As for the red curve in Figure 2. The axis label was supposed to say "% of Grade". The red curve, actually it's just the red dots (I added the curve to help visualize where the dots were) is plotted against the right axis. I was trying to show where the given oil fell within the range of 50w units (centistokes per 100 deg C). The viscosity for a 50w oil can be anywhere from 21.89 to 16.3. An oil viscosity can be 21.8 or 16.4 and still be called a 50w oil. The higher up in that range, I considered that to be "better". Seems to me starting out near the top of the range would allow for some degradation during use and still rank as a 50w.
    That helped. It wasn't clear from the text, and I had been scratching my head over it.
    Harald
    2007 R1200R

  7. #67
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    Quote Originally Posted by pyropete@sympatico.ca View Post
    Hit my local O`reilly`s auto parts in Michigan today to pick up some DOT3 brake fluid. They had Valvoline racing 20-50 in
    Dino and synthetic on sale . $3.99 and $4.99 .as well as several other brands and viscosities....
    Thats what I settled on. Valvoline VR1 20W50 Exceeds SG CD. My RT manual says 20W50 SE SF SG CC CD.

  8. #68
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    Quote Originally Posted by lbarbee View Post
    Used my advanced technical degree to determine that the article implied: oil is good.
    I am definitely not the sharpest knife in the drawer and I too concluded "oil is good". I guess that's a good thing!

  9. #69
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    Quote Originally Posted by hjsbmw View Post
    That helped. It wasn't clear from the text, and I had been scratching my head over it.
    I just read the advertising in the magazines...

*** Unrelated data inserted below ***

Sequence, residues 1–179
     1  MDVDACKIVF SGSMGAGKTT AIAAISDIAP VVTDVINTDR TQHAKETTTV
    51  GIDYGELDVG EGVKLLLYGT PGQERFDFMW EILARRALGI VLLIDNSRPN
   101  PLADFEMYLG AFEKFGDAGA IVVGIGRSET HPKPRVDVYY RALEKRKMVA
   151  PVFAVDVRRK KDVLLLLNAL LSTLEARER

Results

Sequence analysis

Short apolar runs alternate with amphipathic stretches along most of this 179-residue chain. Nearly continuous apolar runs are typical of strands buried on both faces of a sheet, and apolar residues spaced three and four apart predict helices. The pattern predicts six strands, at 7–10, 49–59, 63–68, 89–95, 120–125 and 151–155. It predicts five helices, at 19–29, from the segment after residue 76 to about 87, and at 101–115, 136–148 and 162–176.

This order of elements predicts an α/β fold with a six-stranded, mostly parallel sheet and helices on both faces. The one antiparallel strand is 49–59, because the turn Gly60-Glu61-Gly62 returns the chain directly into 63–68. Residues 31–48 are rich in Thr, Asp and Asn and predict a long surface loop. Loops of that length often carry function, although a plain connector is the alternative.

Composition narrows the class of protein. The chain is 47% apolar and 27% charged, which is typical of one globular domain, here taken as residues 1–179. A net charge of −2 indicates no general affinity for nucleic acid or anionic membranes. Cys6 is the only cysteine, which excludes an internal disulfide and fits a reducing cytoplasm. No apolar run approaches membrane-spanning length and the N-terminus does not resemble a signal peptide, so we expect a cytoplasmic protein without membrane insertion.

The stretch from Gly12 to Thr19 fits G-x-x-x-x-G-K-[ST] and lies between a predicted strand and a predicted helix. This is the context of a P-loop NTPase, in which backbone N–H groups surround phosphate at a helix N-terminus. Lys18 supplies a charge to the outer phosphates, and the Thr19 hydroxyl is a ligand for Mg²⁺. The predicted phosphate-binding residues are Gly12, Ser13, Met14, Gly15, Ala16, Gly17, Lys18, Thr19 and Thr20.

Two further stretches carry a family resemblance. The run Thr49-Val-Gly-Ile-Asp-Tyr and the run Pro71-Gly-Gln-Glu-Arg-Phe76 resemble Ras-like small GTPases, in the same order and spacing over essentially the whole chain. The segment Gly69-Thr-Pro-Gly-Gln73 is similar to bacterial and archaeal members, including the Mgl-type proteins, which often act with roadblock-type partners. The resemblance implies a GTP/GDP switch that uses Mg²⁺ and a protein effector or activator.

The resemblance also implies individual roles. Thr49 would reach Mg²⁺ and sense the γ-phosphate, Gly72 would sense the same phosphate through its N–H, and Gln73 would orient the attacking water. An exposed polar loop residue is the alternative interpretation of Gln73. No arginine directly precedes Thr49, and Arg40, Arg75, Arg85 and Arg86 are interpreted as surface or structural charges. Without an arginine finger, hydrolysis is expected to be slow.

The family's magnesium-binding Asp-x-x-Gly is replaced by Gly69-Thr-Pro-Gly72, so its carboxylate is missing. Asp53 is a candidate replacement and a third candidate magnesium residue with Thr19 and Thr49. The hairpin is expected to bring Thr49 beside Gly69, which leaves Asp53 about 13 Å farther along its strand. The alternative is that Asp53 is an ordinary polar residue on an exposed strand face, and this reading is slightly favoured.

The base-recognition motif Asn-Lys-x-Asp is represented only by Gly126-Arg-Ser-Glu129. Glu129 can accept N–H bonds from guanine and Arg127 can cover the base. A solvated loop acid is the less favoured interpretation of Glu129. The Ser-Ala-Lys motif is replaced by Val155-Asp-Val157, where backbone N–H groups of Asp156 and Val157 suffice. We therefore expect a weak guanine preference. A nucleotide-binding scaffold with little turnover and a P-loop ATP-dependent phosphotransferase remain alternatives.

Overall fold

10. #70
    Bluenoser
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    Quote Originally Posted by R100RT_Mark View Post
    Paul, That was my biggest surprise. As far as the tests conducted are concerned, it seems that they are identical (within confidence ranges given the limited number of samples).

    Everyone, Are Paul and I missing something? For example, might the 4T Four Stroke Motorcycle Oil have additives that means it has superior performance over time than the GTX? If so, what would they be and how do we identify them? What data is there about the performance of any of these oils over time?
    In addition to one being synthetic and one not, the total additive package is different. One is designed to be used in engines, wet clutches and transmissions while the other is for engines only. Zinc & phosp are only part of the equation.

    I took out the Mob 1 Vtwin 20-50 out of my HD and changed the oil and filter and put back in Castrol Power RS 10-50 full synthetic and noticed that the engine ran quieter ( particularly the top end ) and on the oil temp gauge in the oil tank it ran noticeably cooler. The engine also rev'd freeer. So which is better, I lean towards the Castrol because less heat & noise means less friction.

    Cold starts are where most of the wear comes from. I'll keep an eye on the magnetic drain plug and see if anything shows up but seeing as Castrol does recommend the 10-50 weight for HD's, I don't expect any issues.